One of the most aggressive invasive ants in the world seems to have met its match in North Carolina — but if the arthropod challenger prevails, don’t expect it to play nice The Argentine ant has spread to every continent except Antarctica, overwhelming native ants with sheer numbers and fierce battle tactics. But they may have met their match in a recent arrival: the Asian needle ant. The cross-species face-off, a surprise to entomologists, could topple ecosystems where the battle lines are drawn.
Invading ants make up just handfuls of the more than 12,400 described ant species in the world, says Jes Søe Pedersen, an associate professor at the centre for Social Evolution at the University of Copenhagen in Denmark. Yet, their impact on ecosystems, human health and the economy far outstrips their Lilliputian size. Red fire ants can endanger the lives of those who unwittingly stumble on a nest. Some invasive species are agricultural pests or “farm” voracious plant-eating aphids to milk them for their sugar-laden excrement.
Invasive ants often kill, eat or outcompete native ant species — the latter of which play key roles in the ecosystems where they make their homes. Many native ants are gardeners — they till the soil and plant seeds. Alien ants that come from a different environment do not pick up the jobs of those they push out.
The invaders can also create an ecosystem meltdown: Yellow crazy ants that invaded Christmas Island aggravated native birds so much that they have changed their eating habits and feast on the island’s famous red crabs. Food competition from the ants, combined with other invasive species such as feral cats and black rats, may have led to the extinction of the Christmas Island pipistrelle bat.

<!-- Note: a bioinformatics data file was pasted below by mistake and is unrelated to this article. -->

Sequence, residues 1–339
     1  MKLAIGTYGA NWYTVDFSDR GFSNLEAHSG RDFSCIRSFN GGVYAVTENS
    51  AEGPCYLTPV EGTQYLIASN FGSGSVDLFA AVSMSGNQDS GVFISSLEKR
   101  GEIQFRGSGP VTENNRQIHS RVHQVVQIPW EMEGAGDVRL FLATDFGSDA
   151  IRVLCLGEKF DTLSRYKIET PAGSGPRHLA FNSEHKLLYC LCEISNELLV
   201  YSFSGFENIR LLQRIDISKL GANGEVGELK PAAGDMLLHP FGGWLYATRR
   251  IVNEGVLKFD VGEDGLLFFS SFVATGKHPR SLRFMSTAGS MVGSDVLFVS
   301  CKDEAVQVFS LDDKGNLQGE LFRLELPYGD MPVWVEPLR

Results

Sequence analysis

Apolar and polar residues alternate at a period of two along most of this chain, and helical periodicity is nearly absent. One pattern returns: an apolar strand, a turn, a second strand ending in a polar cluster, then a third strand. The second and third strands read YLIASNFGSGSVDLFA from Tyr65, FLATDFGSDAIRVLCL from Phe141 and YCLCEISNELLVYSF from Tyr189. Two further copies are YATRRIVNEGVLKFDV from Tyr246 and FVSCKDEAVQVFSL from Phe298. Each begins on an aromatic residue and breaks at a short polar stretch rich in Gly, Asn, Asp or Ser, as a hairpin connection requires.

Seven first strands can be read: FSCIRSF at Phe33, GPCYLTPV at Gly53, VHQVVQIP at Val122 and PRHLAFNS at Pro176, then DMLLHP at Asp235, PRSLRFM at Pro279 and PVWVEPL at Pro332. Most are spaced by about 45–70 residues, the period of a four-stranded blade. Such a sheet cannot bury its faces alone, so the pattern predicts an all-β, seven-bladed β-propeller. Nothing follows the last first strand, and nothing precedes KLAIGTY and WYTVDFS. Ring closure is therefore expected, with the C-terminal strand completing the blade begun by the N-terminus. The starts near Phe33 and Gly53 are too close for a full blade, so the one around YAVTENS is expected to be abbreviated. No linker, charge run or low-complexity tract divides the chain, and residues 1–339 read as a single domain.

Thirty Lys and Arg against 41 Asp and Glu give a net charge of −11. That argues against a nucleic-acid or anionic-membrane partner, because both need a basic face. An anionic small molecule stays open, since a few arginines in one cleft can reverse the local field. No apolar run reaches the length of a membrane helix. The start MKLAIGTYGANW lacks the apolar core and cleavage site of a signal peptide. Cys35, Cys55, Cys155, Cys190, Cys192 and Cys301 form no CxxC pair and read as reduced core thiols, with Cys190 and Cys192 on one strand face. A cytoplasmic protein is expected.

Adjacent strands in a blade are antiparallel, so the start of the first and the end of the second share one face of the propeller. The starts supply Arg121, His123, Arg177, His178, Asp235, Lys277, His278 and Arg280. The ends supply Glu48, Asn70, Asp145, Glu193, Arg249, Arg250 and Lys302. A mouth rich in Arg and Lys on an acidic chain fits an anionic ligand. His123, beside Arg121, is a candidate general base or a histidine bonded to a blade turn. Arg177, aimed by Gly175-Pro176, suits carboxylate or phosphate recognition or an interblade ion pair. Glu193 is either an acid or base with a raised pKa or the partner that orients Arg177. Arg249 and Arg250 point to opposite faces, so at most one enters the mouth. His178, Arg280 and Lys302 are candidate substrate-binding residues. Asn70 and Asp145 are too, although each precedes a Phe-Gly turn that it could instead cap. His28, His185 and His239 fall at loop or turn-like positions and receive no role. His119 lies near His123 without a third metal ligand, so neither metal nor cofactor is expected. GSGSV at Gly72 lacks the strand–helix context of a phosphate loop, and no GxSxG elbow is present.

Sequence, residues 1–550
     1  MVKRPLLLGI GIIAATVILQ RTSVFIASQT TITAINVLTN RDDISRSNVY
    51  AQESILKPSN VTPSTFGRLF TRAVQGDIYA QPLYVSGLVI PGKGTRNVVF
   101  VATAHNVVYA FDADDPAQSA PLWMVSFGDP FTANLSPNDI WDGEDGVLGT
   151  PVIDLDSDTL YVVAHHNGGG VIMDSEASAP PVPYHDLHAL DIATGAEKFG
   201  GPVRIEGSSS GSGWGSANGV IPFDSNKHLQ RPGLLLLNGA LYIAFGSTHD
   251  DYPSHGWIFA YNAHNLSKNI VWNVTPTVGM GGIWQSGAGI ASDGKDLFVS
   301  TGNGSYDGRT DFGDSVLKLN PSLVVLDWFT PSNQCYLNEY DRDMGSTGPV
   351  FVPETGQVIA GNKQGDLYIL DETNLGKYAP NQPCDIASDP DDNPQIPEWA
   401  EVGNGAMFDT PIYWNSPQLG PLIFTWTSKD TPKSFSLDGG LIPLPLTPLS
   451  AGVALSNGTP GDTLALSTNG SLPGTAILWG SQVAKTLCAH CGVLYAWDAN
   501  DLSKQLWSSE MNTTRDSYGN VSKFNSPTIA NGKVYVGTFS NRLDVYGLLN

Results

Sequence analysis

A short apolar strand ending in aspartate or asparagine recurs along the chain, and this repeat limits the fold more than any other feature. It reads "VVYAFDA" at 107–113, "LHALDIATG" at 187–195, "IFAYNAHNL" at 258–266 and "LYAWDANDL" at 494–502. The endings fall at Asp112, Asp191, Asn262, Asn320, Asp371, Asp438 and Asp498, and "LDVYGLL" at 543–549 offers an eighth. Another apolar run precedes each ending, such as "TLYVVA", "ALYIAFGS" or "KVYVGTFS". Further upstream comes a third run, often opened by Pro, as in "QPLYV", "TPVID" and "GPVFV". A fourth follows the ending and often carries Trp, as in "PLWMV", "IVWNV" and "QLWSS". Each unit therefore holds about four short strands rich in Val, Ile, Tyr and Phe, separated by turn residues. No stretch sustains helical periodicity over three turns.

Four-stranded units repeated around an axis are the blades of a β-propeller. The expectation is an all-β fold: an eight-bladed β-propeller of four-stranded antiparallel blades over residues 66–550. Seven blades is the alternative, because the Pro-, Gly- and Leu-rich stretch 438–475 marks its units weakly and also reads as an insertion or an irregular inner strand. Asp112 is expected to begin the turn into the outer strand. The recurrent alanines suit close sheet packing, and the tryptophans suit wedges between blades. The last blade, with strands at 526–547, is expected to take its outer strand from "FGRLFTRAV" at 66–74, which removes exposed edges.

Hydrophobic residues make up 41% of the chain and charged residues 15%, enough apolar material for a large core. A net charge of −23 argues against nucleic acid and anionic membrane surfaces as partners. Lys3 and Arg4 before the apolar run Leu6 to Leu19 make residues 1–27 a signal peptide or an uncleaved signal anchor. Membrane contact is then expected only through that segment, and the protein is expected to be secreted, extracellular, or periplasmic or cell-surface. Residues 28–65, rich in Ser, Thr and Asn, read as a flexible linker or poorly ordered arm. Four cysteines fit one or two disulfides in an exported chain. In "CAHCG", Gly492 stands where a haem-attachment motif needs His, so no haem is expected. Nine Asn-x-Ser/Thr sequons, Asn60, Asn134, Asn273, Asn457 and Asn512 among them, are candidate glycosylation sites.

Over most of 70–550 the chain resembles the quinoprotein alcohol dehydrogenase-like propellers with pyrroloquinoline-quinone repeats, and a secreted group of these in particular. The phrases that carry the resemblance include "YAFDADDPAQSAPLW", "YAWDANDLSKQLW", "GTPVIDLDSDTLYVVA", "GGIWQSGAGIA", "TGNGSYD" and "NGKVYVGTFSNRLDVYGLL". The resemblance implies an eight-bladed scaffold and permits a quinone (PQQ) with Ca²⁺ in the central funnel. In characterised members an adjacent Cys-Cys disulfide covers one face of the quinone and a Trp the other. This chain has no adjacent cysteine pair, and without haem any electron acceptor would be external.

Figuring out an invading species’s impact on an ecosystem is tricky. Researchers rarely observe an invasion in progress. But this time may be different. The opening salvos between the newly recognised invasive Asian needle ant and the more notorious Argentine ant offer just that opportunity, Pedersen says.
Researchers at North Carolina State University in Raleigh unexpectedly stumbled on the unfolding ant war several years ago. Eleanor Spicer Rice, a graduate student studying entomology at the time, was tracking a network of Argentine ant nests in an office park in North Carolina and found a few nests of Asian needle ants. “It is really weird that another ant could be nesting within the Argentine territory,” Spicer Rice says. Argentine ants do not tolerate competition. Typically, they are able to push other ants out of an area by attacking the rivals and dominating food sources. Originally from South America, they form massive interrelated networks of nests called super colonies.
The situation seemed unprecedented. The largest ant colony in the world is an Argentine ant super colony spanning more than 6,000 kilometers in the Mediterranean region. For some reason, across a few square miles of North Carolina the Argentine ants’ world-conquering strategy was not working. The Asian needle ants were, in fact, gaining ground. In March 2009 Spicer Rice and her colleagues found Argentine ants at 90 trees, sharing nine of them with the Asian ants. By June 2011, the Argentine ants had been driven back to 67 trees, were neighbours with the interlopers in 15 and the Asian needle ants had taken over 17 of the sites.